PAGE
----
What are the concerns of the United States and the European countries that are negotiating with Iran?

Well, there are two different issues. First, the United States is convinced Iran’s nuclear program is a cover for nuclear arms; that the civilian research program and its claims of energy production are mere fabrications as Iran seeks to develop a nuclear-weapons capability. That’s the American conclusion.

And that’s based on what?

That’s based on American intelligence, and what American intelligence is based on, I imagine, is very little. So essentially, what the United States is trying to do is calibrate Iran’s intentions. What the IAEA is trying to do is examine Iran’s technological procurement efforts. And those are two different things. The IAEA—given the pattern of Iran’s technology, given the pattern of Iran’s conduct—cannot validate the American conclusion at this particular point. And the Americans are confident in their conclusions and frustrated at the IAEA’s unwillingness to substantiate those conclusions. That’s the gap that remains as unresolved today as it was in October 2003 when this entire investigation process began.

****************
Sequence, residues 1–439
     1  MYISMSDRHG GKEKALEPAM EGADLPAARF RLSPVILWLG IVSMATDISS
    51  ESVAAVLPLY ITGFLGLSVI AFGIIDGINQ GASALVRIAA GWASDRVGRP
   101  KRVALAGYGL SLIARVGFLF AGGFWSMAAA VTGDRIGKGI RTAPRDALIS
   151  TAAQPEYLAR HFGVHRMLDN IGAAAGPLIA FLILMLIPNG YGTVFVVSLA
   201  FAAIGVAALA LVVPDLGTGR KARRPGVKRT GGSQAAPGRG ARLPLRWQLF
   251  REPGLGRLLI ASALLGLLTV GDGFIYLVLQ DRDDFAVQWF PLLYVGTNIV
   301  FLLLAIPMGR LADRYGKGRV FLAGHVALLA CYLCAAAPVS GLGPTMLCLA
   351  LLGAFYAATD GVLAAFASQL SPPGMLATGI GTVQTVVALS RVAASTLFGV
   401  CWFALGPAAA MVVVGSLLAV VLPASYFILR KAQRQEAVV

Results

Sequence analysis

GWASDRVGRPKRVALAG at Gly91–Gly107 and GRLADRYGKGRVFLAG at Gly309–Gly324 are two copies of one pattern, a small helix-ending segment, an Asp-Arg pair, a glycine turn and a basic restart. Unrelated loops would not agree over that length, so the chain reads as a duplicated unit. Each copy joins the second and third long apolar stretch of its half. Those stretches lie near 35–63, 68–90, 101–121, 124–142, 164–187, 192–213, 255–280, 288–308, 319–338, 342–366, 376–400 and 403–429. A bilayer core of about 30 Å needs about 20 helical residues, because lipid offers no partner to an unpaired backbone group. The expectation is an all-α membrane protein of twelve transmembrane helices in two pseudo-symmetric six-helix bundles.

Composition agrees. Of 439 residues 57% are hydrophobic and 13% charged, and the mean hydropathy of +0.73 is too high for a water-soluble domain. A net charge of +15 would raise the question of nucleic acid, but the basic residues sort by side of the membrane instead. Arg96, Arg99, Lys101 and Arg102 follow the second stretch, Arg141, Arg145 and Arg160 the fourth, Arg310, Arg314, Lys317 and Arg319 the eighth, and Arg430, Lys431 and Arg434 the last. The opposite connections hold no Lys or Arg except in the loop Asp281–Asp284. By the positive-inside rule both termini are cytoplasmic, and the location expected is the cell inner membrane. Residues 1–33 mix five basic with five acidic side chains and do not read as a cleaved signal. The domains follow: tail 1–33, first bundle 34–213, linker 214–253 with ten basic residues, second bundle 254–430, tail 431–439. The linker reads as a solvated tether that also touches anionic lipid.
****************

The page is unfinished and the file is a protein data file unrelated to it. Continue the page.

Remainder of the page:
And what about the European negotiators with Iran, the British, French, and Germans [the EU-3]?

They seem to have embraced critical aspects of American policy. Their position is that Iran has been in such systematic violation of this previous nuclear agreement—and here we’re talking about safeguard agreements, under which Iran did not declare to the IAEA some of its nuclear facilities and enrichment activities as it was supposed to under its [Nuclear] Non-Proliferation Treaty [NPT] (http://www.un.org/Depts/dda/WMD/treaty/) obligations. They’re saying that Iran’s previous violations are so significant, the only way the international community can have confidence Iran is not determined to produce nuclear weapons is for Iran to cease all enrichment and reprocessing activities.

And the enrichment process has just begun again at Isfahan?